Ah…apparently one of the panel members (who shall remain nameless, as I didn’t hear the whole context and don’t want to implicate improperly) implied that research into underrepresentation isn’t “really research,” and that this kind of research doesn’t get faculty “fame and fortune” the way other kinds of research do. There’s clearly a cultural divide here between the technologists and social scientists. For the social scientists, obviously this is the “real research.” For computer scientists, it’s harder to make the case for this focus.

This issue has troubled me since my first interactions with the ITWF research community. So much of the research comes from the “outside”—people studying computer science/computer scientists without being a part of that world. I’m often struck by how non-conversant in basic CS concepts and terminology many of the social scientists studying underrepresentation are. But I think it’s true that it’s very hard for those of us in technology to justify taking time away from our applied research to focus on this topic. In many research universities, it’s far more important for junior faculty in technology fields to be doing research in their areas of specialty. The model at CMU, where Margolis and Fisher worked together, is one I’d like to see more often. (In that case, the CS representative was someone with sufficient seniority that they didn’t need to worry about things like tenure and promotion—but if that model becomes more widespread, it may become easier for less senior faculty to do similar work.)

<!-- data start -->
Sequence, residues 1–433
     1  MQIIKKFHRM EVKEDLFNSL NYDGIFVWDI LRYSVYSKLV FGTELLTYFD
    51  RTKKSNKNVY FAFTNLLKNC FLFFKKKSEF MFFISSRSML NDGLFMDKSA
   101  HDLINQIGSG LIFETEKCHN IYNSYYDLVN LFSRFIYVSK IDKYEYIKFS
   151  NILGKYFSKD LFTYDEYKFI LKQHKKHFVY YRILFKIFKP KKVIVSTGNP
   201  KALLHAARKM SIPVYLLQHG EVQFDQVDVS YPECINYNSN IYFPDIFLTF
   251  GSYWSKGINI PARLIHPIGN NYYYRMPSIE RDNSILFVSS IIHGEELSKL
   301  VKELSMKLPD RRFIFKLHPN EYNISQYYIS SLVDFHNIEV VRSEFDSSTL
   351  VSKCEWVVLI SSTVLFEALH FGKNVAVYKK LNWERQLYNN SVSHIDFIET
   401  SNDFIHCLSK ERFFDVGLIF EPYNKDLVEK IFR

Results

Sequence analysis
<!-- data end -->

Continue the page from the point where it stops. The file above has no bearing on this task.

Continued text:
There’s an interesting side discussion about the CS/IT divide, and the extent to which a faction of CS doesn’t see a value in IT. But when CRA goes to the hill, they talk about IT, not CS, because that’s where the money goes.

…and that’s a wrap. break time. back later. (today’s keynote on the “net gen” looks interesting, and I’ll definitely blog it)

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categories: academia | conferences | gender | research

nsf principal investigators' meeting - it workforce

For the next two days, I’ll be listening to (and participating in) a series of discussions on research into women’s participation in computing. The ITWF program, which funded my grant research into gendered attrition in IT, has funded a number of really interesting research and implementation programs, and many of the researchers will be talking today and tomorrow about their work.